We have gained specific knowledge on the mechanisms human tumor cells with DSB repair deficiencies process non-DSB lesions induced by ionizing radiation and other types of stresses. We believe and based also on preliminary results, the key DSBR proteins BRCA1, DNA-PK will be implicated in the processing also of oxidative lesions indirectly. Their specific possible associations with base excision repair (BER) proteins like XRCC1 have been targeted. Increased apoptosis and high levels of chromosomal instability in the case different repair pathways are blocked by BRCA1 or DNA-PK deficiency or inhibition using siRNA strategies.
Impact: The above results and the successful completion of the project is expected to contribute significantly towards answering two of the most basic questions in current radiation and cancer biology regarding the processing of complex DNA lesions and their contribution to chromosomal instability if left unrepaired or misrepaired (cancer predisposition). In addition is expected to create knowledge with potential clinical use in radiation therapy for the enhancement of tumor cell killing especially in the case tumor cells carry a DSB repair deficiency like in breast, ovarian cancer etc.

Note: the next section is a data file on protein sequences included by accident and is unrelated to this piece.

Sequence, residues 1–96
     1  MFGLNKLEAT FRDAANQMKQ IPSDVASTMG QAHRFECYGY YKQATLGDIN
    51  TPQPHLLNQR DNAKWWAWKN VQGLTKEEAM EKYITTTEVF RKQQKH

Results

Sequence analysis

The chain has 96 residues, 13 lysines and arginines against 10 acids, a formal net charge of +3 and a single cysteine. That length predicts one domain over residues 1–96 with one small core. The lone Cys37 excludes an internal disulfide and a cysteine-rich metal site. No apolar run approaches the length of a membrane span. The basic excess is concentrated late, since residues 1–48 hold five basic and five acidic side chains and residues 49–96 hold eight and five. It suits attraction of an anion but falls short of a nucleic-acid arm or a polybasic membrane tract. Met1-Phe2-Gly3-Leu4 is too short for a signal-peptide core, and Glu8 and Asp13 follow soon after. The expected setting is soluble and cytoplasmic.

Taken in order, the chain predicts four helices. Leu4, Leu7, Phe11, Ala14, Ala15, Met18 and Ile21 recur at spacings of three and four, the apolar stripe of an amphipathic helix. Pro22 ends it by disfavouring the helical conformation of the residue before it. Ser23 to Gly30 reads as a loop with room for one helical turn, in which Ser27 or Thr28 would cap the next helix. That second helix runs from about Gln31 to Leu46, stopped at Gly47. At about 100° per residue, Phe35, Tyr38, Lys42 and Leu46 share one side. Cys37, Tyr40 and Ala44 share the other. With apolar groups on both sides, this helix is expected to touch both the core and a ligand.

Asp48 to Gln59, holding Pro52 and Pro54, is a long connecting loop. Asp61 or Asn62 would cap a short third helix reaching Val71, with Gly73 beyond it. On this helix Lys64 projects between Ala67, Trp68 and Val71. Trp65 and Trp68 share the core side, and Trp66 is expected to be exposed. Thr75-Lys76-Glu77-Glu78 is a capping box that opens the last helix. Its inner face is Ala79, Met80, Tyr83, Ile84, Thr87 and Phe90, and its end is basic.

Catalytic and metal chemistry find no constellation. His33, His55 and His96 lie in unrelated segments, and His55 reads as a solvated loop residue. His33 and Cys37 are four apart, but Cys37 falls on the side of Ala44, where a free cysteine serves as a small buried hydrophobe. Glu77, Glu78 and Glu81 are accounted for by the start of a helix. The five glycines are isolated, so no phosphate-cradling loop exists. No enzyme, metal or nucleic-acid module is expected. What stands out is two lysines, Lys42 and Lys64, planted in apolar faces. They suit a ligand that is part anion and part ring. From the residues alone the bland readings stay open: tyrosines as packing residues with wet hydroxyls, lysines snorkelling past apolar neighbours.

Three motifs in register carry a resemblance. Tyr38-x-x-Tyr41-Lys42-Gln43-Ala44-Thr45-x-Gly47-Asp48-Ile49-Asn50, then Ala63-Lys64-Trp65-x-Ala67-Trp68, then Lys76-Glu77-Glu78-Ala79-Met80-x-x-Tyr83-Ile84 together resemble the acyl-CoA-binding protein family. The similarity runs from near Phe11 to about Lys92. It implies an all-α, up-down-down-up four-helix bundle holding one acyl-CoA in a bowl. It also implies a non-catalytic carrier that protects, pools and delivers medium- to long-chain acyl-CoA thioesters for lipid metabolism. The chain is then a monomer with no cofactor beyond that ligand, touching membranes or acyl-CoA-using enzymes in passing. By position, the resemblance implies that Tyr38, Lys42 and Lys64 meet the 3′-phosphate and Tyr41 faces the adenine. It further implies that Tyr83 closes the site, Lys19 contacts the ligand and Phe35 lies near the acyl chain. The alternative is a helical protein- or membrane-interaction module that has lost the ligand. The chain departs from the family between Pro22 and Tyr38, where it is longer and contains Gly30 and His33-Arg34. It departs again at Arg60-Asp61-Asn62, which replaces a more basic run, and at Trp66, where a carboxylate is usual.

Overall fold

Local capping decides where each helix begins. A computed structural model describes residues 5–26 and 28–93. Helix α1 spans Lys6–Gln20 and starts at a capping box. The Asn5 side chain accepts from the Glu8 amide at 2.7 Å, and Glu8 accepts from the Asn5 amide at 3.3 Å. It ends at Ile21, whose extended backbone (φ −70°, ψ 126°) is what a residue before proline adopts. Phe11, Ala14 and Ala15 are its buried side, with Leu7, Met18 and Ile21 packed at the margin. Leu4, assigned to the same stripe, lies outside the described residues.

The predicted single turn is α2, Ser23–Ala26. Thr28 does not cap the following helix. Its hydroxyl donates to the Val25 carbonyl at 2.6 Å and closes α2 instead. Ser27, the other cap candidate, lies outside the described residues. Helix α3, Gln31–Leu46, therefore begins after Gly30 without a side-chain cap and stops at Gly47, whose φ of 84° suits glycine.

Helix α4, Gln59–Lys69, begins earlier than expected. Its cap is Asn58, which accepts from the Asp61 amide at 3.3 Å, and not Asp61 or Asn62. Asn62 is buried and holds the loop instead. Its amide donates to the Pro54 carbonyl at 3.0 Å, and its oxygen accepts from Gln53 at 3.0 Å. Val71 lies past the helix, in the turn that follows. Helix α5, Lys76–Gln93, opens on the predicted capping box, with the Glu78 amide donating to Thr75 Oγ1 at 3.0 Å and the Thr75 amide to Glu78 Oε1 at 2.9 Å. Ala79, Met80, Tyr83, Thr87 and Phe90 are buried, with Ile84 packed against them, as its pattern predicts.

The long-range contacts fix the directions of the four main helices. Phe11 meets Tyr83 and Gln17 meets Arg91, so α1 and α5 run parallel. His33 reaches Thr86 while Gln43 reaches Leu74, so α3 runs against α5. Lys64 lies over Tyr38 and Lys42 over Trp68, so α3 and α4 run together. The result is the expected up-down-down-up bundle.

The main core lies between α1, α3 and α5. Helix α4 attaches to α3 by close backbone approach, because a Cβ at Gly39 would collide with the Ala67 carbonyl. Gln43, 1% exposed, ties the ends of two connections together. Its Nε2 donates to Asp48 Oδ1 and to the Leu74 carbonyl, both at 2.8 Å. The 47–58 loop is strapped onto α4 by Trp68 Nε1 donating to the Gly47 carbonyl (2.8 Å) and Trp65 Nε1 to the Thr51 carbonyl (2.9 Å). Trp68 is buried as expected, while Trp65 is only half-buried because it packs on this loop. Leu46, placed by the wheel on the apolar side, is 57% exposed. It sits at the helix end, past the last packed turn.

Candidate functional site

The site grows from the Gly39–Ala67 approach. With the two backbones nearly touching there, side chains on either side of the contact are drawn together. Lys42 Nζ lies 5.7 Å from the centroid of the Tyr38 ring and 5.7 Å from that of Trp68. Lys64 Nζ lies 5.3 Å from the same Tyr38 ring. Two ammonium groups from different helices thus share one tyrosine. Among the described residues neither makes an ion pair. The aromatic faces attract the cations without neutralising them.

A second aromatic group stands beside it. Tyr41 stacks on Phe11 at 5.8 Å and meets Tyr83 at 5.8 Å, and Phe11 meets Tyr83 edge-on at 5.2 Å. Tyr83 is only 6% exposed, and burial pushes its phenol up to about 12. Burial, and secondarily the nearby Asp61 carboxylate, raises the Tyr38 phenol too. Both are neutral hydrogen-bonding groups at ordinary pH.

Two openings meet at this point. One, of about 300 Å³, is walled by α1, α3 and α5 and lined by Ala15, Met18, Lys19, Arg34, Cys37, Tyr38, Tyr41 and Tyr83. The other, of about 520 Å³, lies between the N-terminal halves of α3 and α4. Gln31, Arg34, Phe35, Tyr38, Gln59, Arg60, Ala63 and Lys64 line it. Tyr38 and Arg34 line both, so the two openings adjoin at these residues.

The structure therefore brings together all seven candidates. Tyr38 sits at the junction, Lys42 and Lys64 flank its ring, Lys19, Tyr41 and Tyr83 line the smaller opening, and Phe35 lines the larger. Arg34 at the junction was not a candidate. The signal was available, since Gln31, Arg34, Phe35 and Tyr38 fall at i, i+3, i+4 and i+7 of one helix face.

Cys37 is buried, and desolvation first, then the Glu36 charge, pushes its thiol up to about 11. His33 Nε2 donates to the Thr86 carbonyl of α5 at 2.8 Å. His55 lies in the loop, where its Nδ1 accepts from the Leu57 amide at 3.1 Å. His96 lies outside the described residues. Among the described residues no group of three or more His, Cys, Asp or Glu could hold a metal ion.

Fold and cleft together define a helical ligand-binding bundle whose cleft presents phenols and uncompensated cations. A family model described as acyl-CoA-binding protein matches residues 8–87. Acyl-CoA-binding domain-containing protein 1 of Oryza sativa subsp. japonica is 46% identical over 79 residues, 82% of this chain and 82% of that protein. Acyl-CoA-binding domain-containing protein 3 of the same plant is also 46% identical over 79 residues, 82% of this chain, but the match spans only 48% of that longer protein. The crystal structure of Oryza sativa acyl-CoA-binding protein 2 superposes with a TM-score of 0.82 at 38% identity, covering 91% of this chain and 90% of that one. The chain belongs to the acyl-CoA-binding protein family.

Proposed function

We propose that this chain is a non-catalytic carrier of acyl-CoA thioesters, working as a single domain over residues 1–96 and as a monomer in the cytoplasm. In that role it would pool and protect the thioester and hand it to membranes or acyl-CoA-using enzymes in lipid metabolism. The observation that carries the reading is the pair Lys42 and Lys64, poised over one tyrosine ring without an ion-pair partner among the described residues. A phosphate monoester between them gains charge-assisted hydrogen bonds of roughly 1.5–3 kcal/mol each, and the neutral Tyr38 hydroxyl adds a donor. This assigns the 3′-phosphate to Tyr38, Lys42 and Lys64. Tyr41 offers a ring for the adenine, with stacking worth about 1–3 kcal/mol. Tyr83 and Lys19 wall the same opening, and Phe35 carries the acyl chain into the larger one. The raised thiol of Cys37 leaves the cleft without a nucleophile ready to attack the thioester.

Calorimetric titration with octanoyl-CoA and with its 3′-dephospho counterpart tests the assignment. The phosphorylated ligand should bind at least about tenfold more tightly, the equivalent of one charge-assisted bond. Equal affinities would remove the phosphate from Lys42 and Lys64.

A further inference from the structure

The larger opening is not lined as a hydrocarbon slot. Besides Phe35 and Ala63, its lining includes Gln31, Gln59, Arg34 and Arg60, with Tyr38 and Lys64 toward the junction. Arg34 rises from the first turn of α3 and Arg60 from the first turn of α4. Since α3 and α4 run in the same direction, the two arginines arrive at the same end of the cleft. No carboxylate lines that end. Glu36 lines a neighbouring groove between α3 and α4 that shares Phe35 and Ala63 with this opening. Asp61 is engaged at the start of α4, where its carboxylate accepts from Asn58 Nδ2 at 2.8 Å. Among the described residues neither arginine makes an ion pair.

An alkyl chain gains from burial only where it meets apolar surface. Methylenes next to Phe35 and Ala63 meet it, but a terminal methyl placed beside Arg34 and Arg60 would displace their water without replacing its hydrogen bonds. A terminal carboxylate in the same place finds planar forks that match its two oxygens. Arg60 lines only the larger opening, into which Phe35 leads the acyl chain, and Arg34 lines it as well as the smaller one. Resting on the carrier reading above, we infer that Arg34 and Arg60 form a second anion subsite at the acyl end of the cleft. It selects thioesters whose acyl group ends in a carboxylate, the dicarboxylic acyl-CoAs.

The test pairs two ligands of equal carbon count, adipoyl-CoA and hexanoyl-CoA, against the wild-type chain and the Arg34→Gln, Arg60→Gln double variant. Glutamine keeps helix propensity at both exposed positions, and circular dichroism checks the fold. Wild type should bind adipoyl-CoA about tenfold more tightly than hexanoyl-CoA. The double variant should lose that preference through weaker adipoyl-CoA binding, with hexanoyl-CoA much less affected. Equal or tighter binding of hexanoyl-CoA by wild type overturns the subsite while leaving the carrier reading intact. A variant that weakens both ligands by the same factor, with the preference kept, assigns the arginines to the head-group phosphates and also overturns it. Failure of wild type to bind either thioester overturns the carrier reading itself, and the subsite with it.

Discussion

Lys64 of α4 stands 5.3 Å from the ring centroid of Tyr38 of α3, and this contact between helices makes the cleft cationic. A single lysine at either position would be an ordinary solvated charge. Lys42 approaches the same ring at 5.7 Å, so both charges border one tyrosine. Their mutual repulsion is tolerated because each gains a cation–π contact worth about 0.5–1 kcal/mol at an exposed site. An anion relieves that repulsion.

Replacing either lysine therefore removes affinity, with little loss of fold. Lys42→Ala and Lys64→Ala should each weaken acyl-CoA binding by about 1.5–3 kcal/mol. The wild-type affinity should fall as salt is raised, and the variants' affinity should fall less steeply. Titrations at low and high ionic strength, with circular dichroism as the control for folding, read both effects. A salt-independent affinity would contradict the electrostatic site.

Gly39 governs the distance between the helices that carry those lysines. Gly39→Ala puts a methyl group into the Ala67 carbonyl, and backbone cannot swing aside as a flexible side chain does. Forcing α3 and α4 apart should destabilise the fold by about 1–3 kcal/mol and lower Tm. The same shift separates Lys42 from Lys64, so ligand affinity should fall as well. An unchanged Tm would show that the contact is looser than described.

The outcome of this research is expected to contribute significantly towards answering two of the most basic questions in current radiation and cancer biology: 1. which are the repair pathways involved in the processing of the highly toxic clustered DNA lesions, especially under a DSB repair deficiency and after exposure of the cell to radiation like in radiation therapy? No specific data has been provided from other laboratories internationally except Dr. Georgakilas and Dr. Chen both of them from USA 2. Can the DSB repair deficiencies for example observed in many tumors to lead to chromosomal instability through the accumulation of non-DSB lesions and cell death? The combination of a DNA repair deficiency and high oxidative stress is a common situation in many tumors. In addition, it has been shown that radiosensitive individuals have a higher predisposition to many cancers.